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Conwy crusade: Tal-Y-Fantastic

It was when treaclechops received a text message querying if the air ambulance had been dispatched yet to rescue me from a mountaintop that I realised there might be 'a bit of a walk' involved.

We drove as far as we could up the track out of Penmaenmawr climbing higher and higher up the mountainside and parked.

Treaclechops pointed up, beyond two mountains. "See those stones, right up there...?" Oh shit. There was nothing for it but to get my head down and start walking. God, I hate walking. What a boring waste of time. I hardly noticed the stunning mountain views, the stunning sea views, the stunning pastoral scenery. I was too busy looking at my feet on the path to avoid falling over. I hardly noticed the Red farm stones and the tiny circle 275 in my quest to finally f**king well get there. Collapsing down out of the cold breeze I finally had the chance to admire this magnificent monument and its beautiful

Y Meini Hirion — Fieldnotes

The Druid's circle is gorgeous and perfectly proportioned - not too big to overwhelm, not to small to underwhelm - and the stones are the 'right' height for its diameter. Many big tall ones still stand, including an anthropomorph of a be-robed monk. Nearby are a stone 'something' (perhaps a trashed stone circle, who can tell?) and a collapsed cairn ring of tiny stones. This is the remaining 'A-list' monument forming part of a vast sacred landscape behind Penmanmawr of which there is much to see round the back of the mountains at Tal-Y-Fan.

The ghastly hike would have been worthwhile if we'd had more time to spend up there. I didn't even a chance to paint. If you can walk and look at the same time I'm sure the hike might be quiet enjoyable.

Y Meini Hirion — Images

<b>Y Meini Hirion</b>Posted by Jane
After grumbling my way back down the mountain and reaching for the flask of tea I declared: 'I'm not doing any more walking today.' Fortunately I hardly had to for the monuments at Tal-Y-Fan require no more than an acceptable ramble and there is much to see and admire here! Knowing my passion for burial chambers above all else, treaclechops decided it was time to overcome my grumbling with a monument guaranteed to make me beam with joy. Maen-y-Bardd.

Maen-y-Bardd — Fieldnotes

Maen-y-Bardd is also known as the Poet's stone but should be called The Dinkiest Dolmen in the World Ever. I have not superlatives enough for this place.

Like a rat up a drainpipe, I crawled in and sat down, lit a Camel and grinned like a mad woman for 20 minutes as Moth and treaclechops tore round and photographed it from every angle.

Trust me, if this doesn't make you smile, nothing will. It is perfection!

Maen-y-Bardd — Images

<b>Maen-y-Bardd</b>Posted by Jane<b>Maen-y-Bardd</b>Posted by Jane<b>Maen-y-Bardd</b>Posted by Jane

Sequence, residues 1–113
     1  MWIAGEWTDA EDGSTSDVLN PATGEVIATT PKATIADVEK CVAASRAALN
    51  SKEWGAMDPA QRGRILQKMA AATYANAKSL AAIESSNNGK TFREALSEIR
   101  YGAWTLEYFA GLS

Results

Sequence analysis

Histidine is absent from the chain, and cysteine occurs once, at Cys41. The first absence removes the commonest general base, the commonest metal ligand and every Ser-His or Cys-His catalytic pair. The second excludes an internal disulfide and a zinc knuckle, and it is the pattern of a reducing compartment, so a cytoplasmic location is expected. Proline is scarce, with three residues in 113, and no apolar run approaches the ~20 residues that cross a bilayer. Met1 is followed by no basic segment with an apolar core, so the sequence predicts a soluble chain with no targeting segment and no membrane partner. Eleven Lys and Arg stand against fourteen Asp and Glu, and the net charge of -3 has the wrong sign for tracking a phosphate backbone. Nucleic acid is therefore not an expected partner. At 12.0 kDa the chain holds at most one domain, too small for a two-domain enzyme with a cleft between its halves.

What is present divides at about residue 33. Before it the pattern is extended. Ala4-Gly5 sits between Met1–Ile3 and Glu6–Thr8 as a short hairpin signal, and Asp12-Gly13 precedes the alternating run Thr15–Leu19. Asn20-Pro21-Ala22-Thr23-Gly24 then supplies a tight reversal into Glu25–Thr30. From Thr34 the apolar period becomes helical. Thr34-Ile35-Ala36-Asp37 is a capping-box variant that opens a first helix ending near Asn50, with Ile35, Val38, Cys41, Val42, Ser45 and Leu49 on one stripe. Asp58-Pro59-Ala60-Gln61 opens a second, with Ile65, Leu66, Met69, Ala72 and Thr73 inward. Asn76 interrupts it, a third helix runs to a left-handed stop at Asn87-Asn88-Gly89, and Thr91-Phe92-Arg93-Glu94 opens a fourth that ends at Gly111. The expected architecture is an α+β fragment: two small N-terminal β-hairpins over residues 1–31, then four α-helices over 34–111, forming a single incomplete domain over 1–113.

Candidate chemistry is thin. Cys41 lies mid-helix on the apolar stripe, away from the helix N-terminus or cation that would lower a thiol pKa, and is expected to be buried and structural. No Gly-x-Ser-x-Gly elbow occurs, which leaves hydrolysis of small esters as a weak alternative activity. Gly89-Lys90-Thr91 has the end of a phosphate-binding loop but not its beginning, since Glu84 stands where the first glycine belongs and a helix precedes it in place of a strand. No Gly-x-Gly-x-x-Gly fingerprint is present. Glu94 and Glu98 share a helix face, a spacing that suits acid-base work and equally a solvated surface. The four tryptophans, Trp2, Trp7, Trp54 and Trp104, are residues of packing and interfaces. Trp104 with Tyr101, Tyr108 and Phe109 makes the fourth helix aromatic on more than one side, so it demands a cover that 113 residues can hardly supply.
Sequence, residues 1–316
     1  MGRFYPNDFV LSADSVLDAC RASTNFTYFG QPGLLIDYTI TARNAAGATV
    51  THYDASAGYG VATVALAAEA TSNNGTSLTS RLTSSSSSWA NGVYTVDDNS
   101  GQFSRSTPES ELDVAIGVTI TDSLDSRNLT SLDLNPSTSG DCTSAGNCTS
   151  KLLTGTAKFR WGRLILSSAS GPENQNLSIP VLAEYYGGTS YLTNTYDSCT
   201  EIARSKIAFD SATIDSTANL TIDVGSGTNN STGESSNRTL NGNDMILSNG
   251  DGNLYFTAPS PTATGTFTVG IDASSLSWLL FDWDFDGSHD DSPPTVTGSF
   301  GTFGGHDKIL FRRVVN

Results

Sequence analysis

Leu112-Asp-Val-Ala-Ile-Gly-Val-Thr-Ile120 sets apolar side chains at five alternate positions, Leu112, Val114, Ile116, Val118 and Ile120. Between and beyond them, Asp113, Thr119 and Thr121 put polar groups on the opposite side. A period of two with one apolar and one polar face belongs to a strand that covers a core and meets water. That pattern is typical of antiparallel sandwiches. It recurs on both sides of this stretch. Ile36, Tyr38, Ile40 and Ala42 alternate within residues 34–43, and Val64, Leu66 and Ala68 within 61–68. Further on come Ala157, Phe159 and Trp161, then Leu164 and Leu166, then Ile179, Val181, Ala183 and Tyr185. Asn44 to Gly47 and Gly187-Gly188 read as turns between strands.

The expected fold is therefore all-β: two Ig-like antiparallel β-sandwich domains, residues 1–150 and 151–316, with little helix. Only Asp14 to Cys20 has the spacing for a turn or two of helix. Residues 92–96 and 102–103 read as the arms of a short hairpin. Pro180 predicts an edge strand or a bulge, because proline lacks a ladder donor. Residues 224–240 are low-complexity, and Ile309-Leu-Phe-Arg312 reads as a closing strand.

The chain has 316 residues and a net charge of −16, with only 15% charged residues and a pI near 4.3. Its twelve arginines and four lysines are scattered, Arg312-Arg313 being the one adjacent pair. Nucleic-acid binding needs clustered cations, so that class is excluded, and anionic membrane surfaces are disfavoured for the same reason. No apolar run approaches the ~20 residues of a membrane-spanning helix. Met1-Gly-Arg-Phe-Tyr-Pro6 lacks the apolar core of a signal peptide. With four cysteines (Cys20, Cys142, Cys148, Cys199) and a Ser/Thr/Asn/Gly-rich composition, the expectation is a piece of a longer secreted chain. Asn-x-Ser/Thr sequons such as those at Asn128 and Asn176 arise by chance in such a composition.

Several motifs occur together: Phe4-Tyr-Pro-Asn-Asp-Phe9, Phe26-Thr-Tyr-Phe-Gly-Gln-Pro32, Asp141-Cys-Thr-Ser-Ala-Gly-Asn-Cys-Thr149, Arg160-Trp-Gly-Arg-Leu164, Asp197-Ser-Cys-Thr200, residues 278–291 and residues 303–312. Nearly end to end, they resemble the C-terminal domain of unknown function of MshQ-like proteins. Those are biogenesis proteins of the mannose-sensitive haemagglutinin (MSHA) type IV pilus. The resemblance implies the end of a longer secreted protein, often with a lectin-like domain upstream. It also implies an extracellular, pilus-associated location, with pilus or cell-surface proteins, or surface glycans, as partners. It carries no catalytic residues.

Then, treaclechops told us that there was another burial chamber just 100 ms away! But we had to find it first amongst all the erratics on the hillside. Ironman's useful and very accurate directions had been left in the car. Megalithic noses and shoe-leather was required instead.

Rhiw Burial Chamber — Fieldnotes

Not as picturesque as it's neighbour Maen-y-Bardd Rhiw Burial Chamber, also known as the Greyhounds' Kennel, is dug into the hillside rather than standing above it. With big flat capstone and large flanking uprights lining the chamber, this has plenty of remnants of its larger shape lying about the place, some kerbstones and a distinct mound of barrow. Lots to unravel and think about. I loved it!

Rhiw Burial Chamber — Images

<b>Rhiw Burial Chamber</b>Posted by Jane
On our way back to the car we spotted the Ffon-y-Cawr menhir standing like a penis, poking above the field wall, and the great bulk of Cae Coch menhir up on the hillside to our right. By now the evening gloom had set in and we had just one more site, very close by to squeeze in to our day. Cerrig Pryffaid.

Cerrig Pryfaid — Fieldnotes

Under the crackle of a very nearby pylon, this tiny, fragile circle has somehow survived in this sacred Tal-Y-Fantastic landscape. The fourteen small stones are all very loose and wobbly, and close investigation revealed that many of them were not set into the earth at all, but placed into rubble sockets. One of the taller stones had fallen over. So treaclechops and I carefully stood it upright again into its rubble socket. No doubt the next time a sheep farts within five metres of it, it'll be over again.

Cerrig Pryfaid — Images

<b>Cerrig Pryfaid</b>Posted by Jane
And what of the people who built these monuments? We'd meet some of their contemporaries the following day in 'The Mysterious Bog People' exhibition in Manchester the next day...
Jane Posted by Jane
28th March 2005ce
Edited 28th March 2005ce

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